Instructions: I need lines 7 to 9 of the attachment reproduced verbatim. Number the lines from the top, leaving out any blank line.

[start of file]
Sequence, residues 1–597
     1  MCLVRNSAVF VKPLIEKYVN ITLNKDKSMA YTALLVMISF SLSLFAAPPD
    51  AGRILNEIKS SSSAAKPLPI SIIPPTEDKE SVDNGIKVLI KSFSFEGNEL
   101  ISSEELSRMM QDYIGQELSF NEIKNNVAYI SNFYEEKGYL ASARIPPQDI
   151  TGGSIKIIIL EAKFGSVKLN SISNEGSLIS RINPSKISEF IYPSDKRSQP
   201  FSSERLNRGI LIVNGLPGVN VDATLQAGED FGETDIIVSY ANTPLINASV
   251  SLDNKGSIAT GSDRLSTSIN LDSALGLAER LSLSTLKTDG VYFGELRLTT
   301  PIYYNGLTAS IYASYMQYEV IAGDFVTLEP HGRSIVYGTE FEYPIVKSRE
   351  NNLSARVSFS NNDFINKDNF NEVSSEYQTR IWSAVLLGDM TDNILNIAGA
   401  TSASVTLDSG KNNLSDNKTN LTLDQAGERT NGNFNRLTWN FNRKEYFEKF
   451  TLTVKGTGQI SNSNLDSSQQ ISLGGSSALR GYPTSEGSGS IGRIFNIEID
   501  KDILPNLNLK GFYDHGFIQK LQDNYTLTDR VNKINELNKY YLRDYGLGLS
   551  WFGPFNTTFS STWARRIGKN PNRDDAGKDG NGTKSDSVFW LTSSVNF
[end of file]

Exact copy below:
   251  SLDNKGSIAT GSDRLSTSIN LDSALGLAER LSLSTLKTDG VYFGELRLTT
   301  PIYYNGLTAS IYASYMQYEV IAGDFVTLEP HGRSIVYGTE FEYPIVKSRE
   351  NNLSARVSFS NNDFINKDNF NEVSSEYQTR IWSAVLLGDM TDNILNIAGA